14 October 2013

End of Shiva for Maran ztz"l

The End of the Shiva for Maran zt”l*


Today is the seventh day of mourning for Maran zt”l which marks the conclusion of the Shiva period. Let us therefore eulogize him as best we can.


Our crown has fallen, woe unto us for we have sinned! 
Our hearts are broken and our eyes have been dimmed.


In the year 5762, with the passing of “the true genius, crown glory of Israel, the great light of the Kingdom of the Talmud and Poskim, the light of Israel, the right pillar, the mighty hammer, an individual unique to the generation, Hagaon Harav Chaim Kreiswirth zt”l” (an excerpt from Maran’s very own eulogy for the Rav), Chief Rabbi of Antwerp, Belgium, Maran Harav Ovadia Yosef zt”l was thrown into great mourning. Maran zt”l was a dear friend of this great sage and Maran would constantly say that the world did not really know who Hagaon Harav Chaim zt”l really was. According to Maran’s words, this was a Torah personality that could not be matched.


When Maran zt”l rose to eulogize this giant of Torah, he began by asking, what is this tumult all about? Our Sages tell us (Kiddushin 72b) that “a righteous individual does not depart from this world until another man as righteous as him is created, as the verse states, ‘The sun rises and the sun sets’-before the sun of Moshe set, the sun of Yehoshua rose. Before the sun of Yehoshua set, the sun of Otniel ben Kenaz rose. Before the sun of Eli set, the sun of Shmuel Ha’Navi rose.” This should be our comfort, for another person as righteous as the deceased has surely been born. If so, why do we mourn the loss of the great rabbi so much?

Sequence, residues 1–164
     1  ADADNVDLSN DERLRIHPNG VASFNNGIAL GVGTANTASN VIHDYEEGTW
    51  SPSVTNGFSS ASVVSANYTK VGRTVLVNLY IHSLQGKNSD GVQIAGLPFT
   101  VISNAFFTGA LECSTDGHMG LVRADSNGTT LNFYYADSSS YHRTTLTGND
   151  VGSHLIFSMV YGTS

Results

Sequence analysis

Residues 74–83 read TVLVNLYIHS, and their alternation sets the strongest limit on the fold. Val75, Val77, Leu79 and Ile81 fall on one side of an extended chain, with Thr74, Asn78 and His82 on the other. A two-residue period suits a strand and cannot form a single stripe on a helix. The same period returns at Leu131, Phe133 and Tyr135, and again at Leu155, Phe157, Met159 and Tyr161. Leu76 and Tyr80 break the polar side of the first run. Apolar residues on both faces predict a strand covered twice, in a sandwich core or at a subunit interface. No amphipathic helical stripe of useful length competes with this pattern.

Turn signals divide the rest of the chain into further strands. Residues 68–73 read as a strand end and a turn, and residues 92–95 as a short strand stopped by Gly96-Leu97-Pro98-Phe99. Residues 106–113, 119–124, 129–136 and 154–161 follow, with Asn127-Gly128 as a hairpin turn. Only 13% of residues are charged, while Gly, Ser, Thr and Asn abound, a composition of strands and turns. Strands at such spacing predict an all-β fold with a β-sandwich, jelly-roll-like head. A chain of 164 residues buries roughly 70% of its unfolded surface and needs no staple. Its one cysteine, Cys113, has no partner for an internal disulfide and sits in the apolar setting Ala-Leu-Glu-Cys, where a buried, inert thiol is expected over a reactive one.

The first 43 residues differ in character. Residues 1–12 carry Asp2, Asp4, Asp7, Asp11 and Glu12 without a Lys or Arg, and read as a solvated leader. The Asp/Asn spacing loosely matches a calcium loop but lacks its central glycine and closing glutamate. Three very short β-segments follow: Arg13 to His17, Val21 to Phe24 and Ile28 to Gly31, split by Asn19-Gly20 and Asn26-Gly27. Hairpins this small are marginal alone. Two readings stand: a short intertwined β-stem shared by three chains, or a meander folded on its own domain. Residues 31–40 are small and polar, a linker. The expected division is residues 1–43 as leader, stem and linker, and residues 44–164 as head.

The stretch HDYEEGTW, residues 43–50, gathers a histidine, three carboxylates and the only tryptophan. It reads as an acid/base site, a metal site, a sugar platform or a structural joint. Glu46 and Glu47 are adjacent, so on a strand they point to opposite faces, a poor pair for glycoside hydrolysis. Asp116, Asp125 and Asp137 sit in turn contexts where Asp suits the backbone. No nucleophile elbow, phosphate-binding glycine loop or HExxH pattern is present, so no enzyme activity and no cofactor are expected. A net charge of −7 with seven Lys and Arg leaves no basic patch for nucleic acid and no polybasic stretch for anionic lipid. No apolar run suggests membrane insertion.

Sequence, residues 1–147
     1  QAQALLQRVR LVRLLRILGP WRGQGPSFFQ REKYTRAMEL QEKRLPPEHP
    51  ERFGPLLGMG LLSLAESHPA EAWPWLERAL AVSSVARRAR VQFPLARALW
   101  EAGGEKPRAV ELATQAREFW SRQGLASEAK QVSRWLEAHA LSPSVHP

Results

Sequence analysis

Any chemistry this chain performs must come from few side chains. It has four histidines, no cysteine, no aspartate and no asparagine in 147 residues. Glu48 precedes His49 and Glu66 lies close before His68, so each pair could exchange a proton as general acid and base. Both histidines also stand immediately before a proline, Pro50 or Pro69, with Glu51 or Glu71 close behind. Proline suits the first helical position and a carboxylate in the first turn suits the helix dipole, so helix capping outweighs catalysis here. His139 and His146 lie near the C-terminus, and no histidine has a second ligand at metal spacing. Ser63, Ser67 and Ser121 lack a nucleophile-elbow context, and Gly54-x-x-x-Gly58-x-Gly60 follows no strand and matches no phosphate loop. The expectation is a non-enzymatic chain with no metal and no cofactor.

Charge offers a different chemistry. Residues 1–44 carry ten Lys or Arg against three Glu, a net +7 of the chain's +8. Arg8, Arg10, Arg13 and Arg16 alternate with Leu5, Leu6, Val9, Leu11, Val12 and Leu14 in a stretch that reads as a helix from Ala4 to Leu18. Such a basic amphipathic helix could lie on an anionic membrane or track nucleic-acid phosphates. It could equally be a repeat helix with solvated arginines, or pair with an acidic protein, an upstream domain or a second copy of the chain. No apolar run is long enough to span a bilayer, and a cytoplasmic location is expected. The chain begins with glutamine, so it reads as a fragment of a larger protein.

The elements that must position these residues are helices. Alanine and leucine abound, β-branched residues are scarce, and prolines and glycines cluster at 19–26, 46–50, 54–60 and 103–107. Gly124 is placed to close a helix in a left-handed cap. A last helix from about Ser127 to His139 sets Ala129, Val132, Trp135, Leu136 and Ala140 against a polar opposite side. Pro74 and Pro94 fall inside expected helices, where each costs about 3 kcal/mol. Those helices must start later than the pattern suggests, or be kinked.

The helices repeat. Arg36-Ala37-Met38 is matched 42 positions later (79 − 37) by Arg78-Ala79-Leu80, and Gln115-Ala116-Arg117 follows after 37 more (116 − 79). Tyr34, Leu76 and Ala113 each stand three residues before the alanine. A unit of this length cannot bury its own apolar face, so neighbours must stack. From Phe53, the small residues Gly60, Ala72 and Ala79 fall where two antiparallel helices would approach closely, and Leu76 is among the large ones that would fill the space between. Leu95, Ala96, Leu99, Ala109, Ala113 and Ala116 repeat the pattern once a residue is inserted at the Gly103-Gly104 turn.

Maran zt”l explained in the name of the commentators that even so, not necessarily will the righteous man just created be as great in Torah as the deceased righteous man, as the Gemara (Baba Batra 75a) states regarding Yehoshua, “the elders of that generation would say, ‘The face of Moshe shined like the sun and the face of Yehoshua shined like the moon.’” This is because the generations become progressively weaker as time goes on and the leader is relative to the generation.


Likewise, we mourn today along with Zion and the nation of Israel, for Hashem has sent us a great redeemer, Maran zt”l, who saved Sephardic Jewry from destruction and raised the glory of Halacha when it was almost completely forgotten from the Jewish nation. This man was the pillar of Torah, kindness, and prayer. He was the leader of the generation in so many ways: In his humility, in his holiness, in his discourses, in his halachic rulings, and in his understanding. Now, we have lost Maran zt”l and as downtrodden as we are, we have no choice but to gather together the remaining Torah sages of our generation and only together will they be able to continue the tradition which Maran pioneered on his own.


Many times when speaking with Maran zt”l, we were able to catch a glimpse of his greatness in Kabbalah, which was truly far more advanced than any of the greatest Mekubalim in our generation who have not reached Maran’s level, just as no Torah scholars have reached his level of Torah knowledge in the revealed portion of the Torah.


Besides for Maran’s greatness in Torah, he would perform loving-kindness with all his heart. Maran’s right-hand man, our dear friend Rabbi Tzvi Hakak, recounts that many times, serious questions in Halacha were sent to Maran regarding Agunot (women whose husbands have gone missing and are “tied down” to their husbands and are forbidden to remarry) and children born from forbidden unions (who are prohibited from marrying regular members of the Jewish nation) and Maran told him to place these questions on the desk in his bedroom. At 2:00 AM, Maran zt”l would go to sleep. When Rabbi Hakak would arrive at Maran’s home at 6:00 AM, Maran would already be sitting and learning and would tell him to send the response to the relevant parties immediately, even before morning prayers. Everyone would be flabbergasted, when did Maran find the time to write this lengthy and tedious response?! He only went to sleep four hours before…